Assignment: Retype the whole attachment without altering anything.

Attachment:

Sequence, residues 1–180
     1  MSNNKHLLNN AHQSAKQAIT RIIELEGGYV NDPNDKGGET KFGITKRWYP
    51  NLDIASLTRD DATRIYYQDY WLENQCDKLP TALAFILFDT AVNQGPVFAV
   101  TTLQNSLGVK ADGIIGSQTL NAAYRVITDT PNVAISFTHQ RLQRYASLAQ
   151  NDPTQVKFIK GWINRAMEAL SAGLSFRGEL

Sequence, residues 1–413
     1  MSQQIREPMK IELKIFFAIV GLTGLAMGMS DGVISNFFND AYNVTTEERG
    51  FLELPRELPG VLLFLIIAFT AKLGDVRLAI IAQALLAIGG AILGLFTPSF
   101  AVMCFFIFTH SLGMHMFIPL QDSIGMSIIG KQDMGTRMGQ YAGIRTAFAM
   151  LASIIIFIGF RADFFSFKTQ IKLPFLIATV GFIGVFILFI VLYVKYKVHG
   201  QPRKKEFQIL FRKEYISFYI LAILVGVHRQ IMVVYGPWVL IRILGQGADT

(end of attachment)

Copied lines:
Sequence, residues 1–180
     1  MSNNKHLLNN AHQSAKQAIT RIIELEGGYV NDPNDKGGET KFGITKRWYP
    51  NLDIASLTRD DATRIYYQDY WLENQCDKLP TALAFILFDT AVNQGPVFAV
   101  TTLQNSLGVK ADGIIGSQTL NAAYRVITDT PNVAISFTHQ RLQRYASLAQ
   151  NDPTQVKFIK GWINRAMEAL SAGLSFRGEL

Sequence, residues 1–413
     1  MSQQIREPMK IELKIFFAIV GLTGLAMGMS DGVISNFFND AYNVTTEERG
    51  FLELPRELPG VLLFLIIAFT AKLGDVRLAI IAQALLAIGG AILGLFTPSF
   101  AVMCFFIFTH SLGMHMFIPL QDSIGMSIIG KQDMGTRMGQ YAGIRTAFAM
   151  LASIIIFIGF RADFFSFKTQ IKLPFLIATV GFIGVFILFI VLYVKYKVHG
   201  QPRKKEFQIL FRKEYISFYI LAILVGVHRQ IMVVYGPWVL IRILGQGADT